Really, I'm Not Offended By I Corinthians 13, Okay?
He was an old dear, and very very welcoming of me. It was a beautiful wedding.
Someone from the Catholic side of the wedding party approached me and said,"It was so nice of you to agree to do those readings and to lead those prayers." And I said, "I was very happy to do it. The pastoral prayer is almost exactly like the one I pray every night from one of our Unitarian or Universalist prayerbooks." She couldn't hear this. She mowed me right over like a steamroller, so determined was she to insist on our great religious difference. In a tone that implied, "This must have been very hard for you" she said, "We know it's not your faith, so it was really generous of you to be here."
By then I was getting frustrated and offended.
I put my hand on her arm and in the same slow, sympathetic tone she had used on me, I said,
"I. was. happy. to. do. it. I thought all those readings were JUST. LOVELY."
I was irritated for several reasons. First, that this woman actually thought I would get up and read prayers or scripture that were contrary or objectionable to my religious beliefs and my faith tradition. Second, her total inability to stand in front of a non-Catholic and see them as a fellow Christian. Did she assume I was Jewish? I'm a Reverend; not bloody likely, despite my Jewish last name. I can only assume that she found out that I was a Unitarian Universalist and assumed I was a Christian-phobic crank. Ay, ay, ay. Whatever the reason, she was just determined to cast me in the role of emotional martyr, resentfully trading away my Protestant authority to the priest just for the privilege of being able to be there for the UU bride.
As if any clergyperson with any personal integrity would do that.
And as if I wouldn't find the words of the Tobit, I Corinthians and the pastoral prayer beautiful, loving and a privilege to bring before a group of dearly beloved on a wedding day. I have this vision of myself throwing the Bible across the room and yelling, "I can't SAY THIS GARBAGE!" I mean, c'mon, lady! Is that really the reputation Unitarian Universalists have earned?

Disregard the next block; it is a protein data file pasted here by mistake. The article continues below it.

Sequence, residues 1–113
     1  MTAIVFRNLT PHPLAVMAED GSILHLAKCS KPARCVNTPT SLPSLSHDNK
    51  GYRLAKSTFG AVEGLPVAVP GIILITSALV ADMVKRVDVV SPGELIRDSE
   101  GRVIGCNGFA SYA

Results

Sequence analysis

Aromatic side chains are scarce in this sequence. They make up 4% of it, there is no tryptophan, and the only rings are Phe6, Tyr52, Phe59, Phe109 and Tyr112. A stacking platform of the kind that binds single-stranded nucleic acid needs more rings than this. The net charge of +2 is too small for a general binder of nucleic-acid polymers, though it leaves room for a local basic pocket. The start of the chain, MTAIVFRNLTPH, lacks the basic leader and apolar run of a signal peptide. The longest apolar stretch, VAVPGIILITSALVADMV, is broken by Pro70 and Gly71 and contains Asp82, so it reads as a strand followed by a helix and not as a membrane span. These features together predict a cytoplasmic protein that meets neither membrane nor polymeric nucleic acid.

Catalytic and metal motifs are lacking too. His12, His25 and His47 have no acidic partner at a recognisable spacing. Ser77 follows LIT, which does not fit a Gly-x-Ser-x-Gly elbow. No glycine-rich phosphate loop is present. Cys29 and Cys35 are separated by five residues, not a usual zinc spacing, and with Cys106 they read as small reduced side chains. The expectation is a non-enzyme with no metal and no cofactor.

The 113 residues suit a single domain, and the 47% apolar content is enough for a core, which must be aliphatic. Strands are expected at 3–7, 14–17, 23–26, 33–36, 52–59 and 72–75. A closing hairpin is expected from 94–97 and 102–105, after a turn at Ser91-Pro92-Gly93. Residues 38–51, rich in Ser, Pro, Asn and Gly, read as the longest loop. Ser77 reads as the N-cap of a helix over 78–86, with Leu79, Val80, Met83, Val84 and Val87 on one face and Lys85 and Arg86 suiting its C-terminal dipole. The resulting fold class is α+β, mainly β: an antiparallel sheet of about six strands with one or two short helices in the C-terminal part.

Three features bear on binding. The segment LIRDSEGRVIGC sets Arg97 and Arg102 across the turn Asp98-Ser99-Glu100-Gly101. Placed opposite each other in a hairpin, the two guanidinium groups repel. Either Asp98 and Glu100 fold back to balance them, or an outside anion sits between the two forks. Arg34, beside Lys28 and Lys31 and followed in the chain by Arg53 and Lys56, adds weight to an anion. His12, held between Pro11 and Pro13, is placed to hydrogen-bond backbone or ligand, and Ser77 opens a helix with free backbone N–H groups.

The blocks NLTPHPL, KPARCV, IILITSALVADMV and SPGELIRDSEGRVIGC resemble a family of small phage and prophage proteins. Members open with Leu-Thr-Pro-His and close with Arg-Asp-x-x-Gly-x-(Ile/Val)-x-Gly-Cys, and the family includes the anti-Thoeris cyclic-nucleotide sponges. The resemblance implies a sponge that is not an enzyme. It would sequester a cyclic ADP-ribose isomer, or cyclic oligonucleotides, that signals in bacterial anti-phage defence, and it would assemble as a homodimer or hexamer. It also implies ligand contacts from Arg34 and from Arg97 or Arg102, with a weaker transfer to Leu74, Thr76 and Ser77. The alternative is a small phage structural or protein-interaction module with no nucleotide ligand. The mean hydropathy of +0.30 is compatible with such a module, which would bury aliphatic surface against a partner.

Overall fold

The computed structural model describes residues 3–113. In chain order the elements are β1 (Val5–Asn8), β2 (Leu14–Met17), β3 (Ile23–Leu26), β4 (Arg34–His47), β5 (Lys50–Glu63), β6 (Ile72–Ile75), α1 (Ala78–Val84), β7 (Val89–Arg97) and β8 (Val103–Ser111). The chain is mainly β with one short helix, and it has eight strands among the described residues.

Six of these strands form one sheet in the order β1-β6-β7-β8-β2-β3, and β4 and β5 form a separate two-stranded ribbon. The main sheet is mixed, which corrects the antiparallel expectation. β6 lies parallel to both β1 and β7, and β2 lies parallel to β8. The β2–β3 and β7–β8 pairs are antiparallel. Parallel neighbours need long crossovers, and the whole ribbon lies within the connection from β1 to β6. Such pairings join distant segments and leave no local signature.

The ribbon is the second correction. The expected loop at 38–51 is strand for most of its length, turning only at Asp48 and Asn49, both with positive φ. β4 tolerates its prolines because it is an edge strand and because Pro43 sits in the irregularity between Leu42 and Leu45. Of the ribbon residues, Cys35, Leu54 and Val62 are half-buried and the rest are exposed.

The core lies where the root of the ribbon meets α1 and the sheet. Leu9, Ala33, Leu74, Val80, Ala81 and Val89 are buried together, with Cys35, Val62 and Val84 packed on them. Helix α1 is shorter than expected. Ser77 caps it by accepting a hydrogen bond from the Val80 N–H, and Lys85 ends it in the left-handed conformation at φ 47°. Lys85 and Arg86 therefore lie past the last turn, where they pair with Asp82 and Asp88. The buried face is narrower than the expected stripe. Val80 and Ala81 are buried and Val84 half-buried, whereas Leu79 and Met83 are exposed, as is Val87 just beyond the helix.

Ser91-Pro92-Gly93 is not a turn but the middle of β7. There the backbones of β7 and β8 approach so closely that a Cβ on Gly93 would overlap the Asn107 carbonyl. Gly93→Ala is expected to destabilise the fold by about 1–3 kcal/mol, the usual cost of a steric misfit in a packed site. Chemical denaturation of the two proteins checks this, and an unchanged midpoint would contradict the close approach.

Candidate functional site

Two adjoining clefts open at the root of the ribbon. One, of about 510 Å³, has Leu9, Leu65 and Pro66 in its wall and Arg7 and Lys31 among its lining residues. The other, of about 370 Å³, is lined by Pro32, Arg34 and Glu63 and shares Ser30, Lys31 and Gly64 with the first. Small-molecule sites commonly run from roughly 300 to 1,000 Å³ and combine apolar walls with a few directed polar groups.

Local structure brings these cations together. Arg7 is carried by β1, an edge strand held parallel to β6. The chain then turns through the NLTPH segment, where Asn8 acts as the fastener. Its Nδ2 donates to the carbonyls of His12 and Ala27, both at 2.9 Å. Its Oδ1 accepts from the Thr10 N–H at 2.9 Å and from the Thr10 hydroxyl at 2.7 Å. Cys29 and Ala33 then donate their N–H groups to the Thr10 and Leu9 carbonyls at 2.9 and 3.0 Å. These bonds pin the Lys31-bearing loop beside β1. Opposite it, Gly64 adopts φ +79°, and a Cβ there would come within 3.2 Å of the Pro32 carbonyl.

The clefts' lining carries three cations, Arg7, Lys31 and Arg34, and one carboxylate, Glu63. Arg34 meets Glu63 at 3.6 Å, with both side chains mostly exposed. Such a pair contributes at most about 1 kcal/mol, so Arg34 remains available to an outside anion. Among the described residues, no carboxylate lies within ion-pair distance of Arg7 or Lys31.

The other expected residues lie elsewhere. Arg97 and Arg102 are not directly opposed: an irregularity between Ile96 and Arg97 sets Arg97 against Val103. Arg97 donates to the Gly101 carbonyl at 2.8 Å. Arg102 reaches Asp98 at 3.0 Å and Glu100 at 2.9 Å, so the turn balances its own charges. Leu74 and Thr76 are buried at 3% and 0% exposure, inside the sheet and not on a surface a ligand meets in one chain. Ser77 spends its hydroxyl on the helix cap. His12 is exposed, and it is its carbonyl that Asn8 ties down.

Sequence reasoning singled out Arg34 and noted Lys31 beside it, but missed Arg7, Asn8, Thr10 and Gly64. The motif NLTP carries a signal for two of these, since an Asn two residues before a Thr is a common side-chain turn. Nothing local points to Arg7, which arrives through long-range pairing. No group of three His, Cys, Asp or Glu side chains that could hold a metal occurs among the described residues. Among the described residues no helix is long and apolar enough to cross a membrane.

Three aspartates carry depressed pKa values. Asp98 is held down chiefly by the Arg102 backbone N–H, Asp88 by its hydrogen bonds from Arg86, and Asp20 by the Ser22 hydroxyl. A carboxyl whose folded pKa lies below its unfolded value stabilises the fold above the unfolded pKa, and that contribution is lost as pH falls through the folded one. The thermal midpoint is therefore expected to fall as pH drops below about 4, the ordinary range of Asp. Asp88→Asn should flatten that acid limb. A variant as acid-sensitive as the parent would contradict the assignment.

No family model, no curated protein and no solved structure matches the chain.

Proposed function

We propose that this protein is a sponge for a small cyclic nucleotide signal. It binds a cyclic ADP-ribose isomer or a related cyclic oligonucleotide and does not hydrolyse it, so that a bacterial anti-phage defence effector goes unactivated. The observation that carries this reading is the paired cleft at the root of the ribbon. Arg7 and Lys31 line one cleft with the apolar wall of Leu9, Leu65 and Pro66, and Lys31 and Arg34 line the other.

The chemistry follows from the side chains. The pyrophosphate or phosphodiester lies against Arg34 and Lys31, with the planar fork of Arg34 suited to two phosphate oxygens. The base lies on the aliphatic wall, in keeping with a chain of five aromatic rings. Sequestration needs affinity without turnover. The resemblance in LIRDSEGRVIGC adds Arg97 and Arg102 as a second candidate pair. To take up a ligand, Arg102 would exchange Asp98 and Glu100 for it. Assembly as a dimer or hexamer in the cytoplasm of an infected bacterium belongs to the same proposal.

And did you actually think the bride and groom and the priest and I weren't going to carefully discern appropriate things for me to do in the service? Like I was going to walk through the door and he'd say, "Oh here. You sing the 'Ave Maria and distribute the host, 'kay?"
Yes, it was hard to lose another UU kid to the Catholic church. But that's what happens when two people fall in love and one person's tradition insists on their marrying and raising their children in their Church, while the other tradition doesn't seem to much care whether or not they go to church at all, or how they raise their children. When a religious liberal person falls in love with an orthodox person, the liberal by definition will be more likely to abandon their tradition on behalf of the other's. You know why? Because the orthodox person will ask them to. I can only hope (and trust) that the couple will make compromises and work it out so that the Unitarian Universalist stream of argument will be part of their spiritual lives. And in the end, I care more that they share a spiritual life together than in dictating what tradition they observe. It is my observation that intellectually curious, tolerant people find a way to be intellectually curious, tolerant religious people even within orthodox traditions.
And so it goes with the sectarian turf wars throughout human history.
Ninety percent of the congregation this morning could not even share Communion with the bride and groom because they were not Catholic. And I had the personal feeling that if that priest was in charge of things, every one of us would have been welcome at the table.
And so it goes.
And so I go off to NYC to see MotherBang do her cabaret act tomorrow afternoon at Danny's Piano Bar on 46th and 8th. Come if you can and cheer her on. It's at 2 pm.